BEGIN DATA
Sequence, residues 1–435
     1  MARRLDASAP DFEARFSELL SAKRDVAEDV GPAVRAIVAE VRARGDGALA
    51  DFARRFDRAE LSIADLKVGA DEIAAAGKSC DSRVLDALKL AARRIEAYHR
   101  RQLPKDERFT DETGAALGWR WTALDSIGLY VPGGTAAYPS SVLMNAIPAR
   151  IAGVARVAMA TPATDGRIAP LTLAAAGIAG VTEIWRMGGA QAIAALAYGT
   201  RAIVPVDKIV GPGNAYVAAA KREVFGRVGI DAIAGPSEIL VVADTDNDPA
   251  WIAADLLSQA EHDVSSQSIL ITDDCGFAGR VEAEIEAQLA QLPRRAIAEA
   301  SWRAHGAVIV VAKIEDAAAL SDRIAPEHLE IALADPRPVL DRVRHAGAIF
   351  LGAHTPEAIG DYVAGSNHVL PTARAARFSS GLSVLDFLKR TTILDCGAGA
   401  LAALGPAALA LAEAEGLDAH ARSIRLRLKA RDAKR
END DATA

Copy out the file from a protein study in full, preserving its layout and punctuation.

Sequence, residues 1–435
     1  MARRLDASAP DFEARFSELL SAKRDVAEDV GPAVRAIVAE VRARGDGALA
    51  DFARRFDRAE LSIADLKVGA DEIAAAGKSC DSRVLDALKL AARRIEAYHR
   101  RQLPKDERFT DETGAALGWR WTALDSIGLY VPGGTAAYPS SVLMNAIPAR
   151  IAGVARVAMA TPATDGRIAP LTLAAAGIAG VTEIWRMGGA QAIAALAYGT
   201  RAIVPVDKIV GPGNAYVAAA KREVFGRVGI DAIAGPSEIL VVADTDNDPA
   251  WIAADLLSQA EHDVSSQSIL ITDDCGFAGR VEAEIEAQLA QLPRRAIAEA
   301  SWRAHGAVIV VAKIEDAAAL SDRIAPEHLE IALADPRPVL DRVRHAGAIF
   351  LGAHTPEAIG DYVAGSNHVL PTARAARFSS GLSVLDFLKR TTILDCGAGA
   401  LAALGPAALA LAEAEGLDAH ARSIRLRLKA RDAKR